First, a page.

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20 Years on Battle Lines for Reason

May 05, 1988|JOHN GABREE

Calling itself a "think magazine for the baby boom generation," Reason, the Libertarian alternative to The Nation, National Review and the New Republic, celebrates its 20th anniversary this month.

The journal was started in 1968 as a mimeographed broadside by Boston University journalism student Lanny Friedlander. A follower of Ayn Rand, Friedlander opposed not only the Vietnam war, the draft and the corporate state--as so many on campus did in the the late 1960s--but he also opposed the opposers. Reason offered what the current editors call a rationalist alternative based on individualism and free market economics to the romantic advocacy of collectivism and socialism by such organizations as Students for Democratic Society.

In 1969, Friedlander published an argument favoring airline deregulation, nine years before Congress acted in the matter, by a young engineer at Sikorsky in Connecticut named Robert W. Poole Jr. "Seeing that article in print was my moment of truth," recalls Poole, now 43. "I decided that rather than spending my life in aerospace engineering, I wanted to be writing about and helping to shape public policy." A year later, he and several partners purchased Reason from Friedlander and moved it to Santa Barbara. The publication began its slow evolution to a slick monthly.

With the May issue, Reason's circulation hit 38,000, a healthy number for an opinion magazine. (Though it reaches fewer readers than the New Republic or National Review, Reason compares favorably to such established competitors as Washington Monthly, American Spectator and Commentary.) Most of that circulation is by subscription, though the periodical has begun enjoying still minuscule but growing newsstand sales since being taken on last year by Eastern News, a national distributor specializing in non-mass-circulation publications.

The magazine has launched an ambitious $300,000 circulation drive anticipated to double distribution in two years. Revenues are also rising, though so far most advertisers are low-circulation regulars promoting discount sunglasses and radar detectors, and oddball publishers.

According to Poole, polls show that as many as 25% of Americans are conservative on economic issues but liberal or tolerant on social issues, with that figure running higher among the college-educated audience likely to be attracted by an opinion magazine. It is to this audience, labeled libertarian, that Reason addresses itself, according to Poole, who is publisher in addition to being the president of the parent Reason Foundation.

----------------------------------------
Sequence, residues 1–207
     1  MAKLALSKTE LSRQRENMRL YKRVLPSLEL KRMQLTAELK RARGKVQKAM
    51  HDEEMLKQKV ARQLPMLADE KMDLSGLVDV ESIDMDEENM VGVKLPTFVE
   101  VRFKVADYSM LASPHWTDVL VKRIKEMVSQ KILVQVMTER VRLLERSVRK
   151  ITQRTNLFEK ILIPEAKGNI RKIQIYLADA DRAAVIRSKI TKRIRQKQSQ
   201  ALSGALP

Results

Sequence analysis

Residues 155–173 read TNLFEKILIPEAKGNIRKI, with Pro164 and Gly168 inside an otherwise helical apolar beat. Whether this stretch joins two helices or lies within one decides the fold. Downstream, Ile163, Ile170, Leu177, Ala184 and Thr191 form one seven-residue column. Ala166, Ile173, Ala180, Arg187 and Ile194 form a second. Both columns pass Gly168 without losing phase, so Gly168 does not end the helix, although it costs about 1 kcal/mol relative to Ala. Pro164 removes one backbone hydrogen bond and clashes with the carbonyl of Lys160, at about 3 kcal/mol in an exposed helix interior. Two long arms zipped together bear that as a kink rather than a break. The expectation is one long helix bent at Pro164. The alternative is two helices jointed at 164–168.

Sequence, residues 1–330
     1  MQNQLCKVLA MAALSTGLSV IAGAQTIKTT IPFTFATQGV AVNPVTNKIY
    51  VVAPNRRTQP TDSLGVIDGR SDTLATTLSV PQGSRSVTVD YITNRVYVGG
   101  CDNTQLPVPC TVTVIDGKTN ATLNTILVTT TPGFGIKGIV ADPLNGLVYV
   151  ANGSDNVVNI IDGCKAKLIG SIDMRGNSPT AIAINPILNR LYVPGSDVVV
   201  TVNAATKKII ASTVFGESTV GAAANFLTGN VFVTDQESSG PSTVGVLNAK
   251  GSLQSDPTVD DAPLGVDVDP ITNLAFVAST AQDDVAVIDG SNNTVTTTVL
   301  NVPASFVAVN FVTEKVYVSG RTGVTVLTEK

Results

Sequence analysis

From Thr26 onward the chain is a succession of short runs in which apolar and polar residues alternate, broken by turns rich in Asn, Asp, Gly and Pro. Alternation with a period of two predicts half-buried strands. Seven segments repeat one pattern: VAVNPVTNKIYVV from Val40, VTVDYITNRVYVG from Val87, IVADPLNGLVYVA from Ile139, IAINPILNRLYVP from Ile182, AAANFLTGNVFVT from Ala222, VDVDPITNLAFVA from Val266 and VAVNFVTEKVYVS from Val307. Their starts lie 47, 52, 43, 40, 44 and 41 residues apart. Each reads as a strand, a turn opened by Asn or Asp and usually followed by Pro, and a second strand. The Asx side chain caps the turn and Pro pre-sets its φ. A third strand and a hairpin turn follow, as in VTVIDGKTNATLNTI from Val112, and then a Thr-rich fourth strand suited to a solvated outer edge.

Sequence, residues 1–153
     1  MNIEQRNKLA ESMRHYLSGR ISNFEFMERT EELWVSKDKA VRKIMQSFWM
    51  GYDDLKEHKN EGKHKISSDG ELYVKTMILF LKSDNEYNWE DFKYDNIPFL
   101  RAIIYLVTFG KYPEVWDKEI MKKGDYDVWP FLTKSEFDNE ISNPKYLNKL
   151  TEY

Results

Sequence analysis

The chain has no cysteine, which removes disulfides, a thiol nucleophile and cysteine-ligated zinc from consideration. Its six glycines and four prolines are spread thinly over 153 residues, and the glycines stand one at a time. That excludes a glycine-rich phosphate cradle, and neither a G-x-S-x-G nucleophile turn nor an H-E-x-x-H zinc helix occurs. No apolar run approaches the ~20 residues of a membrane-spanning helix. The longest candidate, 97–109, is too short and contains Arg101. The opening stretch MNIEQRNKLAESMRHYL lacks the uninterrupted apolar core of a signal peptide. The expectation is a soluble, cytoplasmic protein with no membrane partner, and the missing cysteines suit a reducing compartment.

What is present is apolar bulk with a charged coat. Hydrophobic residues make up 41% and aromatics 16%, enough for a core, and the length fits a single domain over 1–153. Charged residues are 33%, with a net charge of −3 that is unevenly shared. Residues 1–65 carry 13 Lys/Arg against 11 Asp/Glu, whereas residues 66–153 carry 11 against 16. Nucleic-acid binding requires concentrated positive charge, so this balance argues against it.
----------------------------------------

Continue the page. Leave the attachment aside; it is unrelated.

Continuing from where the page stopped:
Profound Changes

In the current issue, 60 past contributors--including Robert Nisbet, Richard Epstein, George Gilder, Karl Hess, Charles Murray, Walter Williams and P. J. O'Rourke--have been asked to give their thoughts on "How Freedom Fares" two decades after the magazine's founding. In an introductory essay, Poole points out the changes profound and trivial that have occurred to alter the "violent, constrained world" of 1968.

It is hard to remember now, as Poole recollects, that self-service gas stations were against the law in 1968, that there were no automatic teller machines, that cable TV was prohibited in most cities. Government regulation thwarted fare competition between airlines. The maximum income tax rate was 70%. It was illegal to own gold. Doctors and lawyers couldn't advertise. The women's liberation movement hadn't begun to take effect. Young men lived in dread of the draft. In many places, sex between unmarried partners was a crime.

Without actually saying so, Poole seems to credit Reason with fostering the spread of libertarian ideas, and there is reason to believe that on at least one issue, the privatization of government services, the magazine and the foundation have had an effect. The foundation, for example, has testified frequently before the President's Commission on Privatization.

Other topics that absorb Reason's attention include corporate takeovers, music censorship, trade protectionism, airline safety, black self-help, arms control and the INF treaty, the space program, and the Reagan doctrine in Central America.

Investigative reporter Martin Morse Wooster has filed attention-getting exposes of what he characterized as the dubious scientific research propping up the Meese Commission Report on Pornography and of the press' easy acceptance of Mitch Snyder's off-the-cuff estimate of U.S. homelessness, which Wooster argued is off by a factor of 10. Other investigative pieces have charged abuse of federal grant moneys by Cesar Chavez of the United Farm Workers union and blamed the Love Canal disaster on city planning mistakes.

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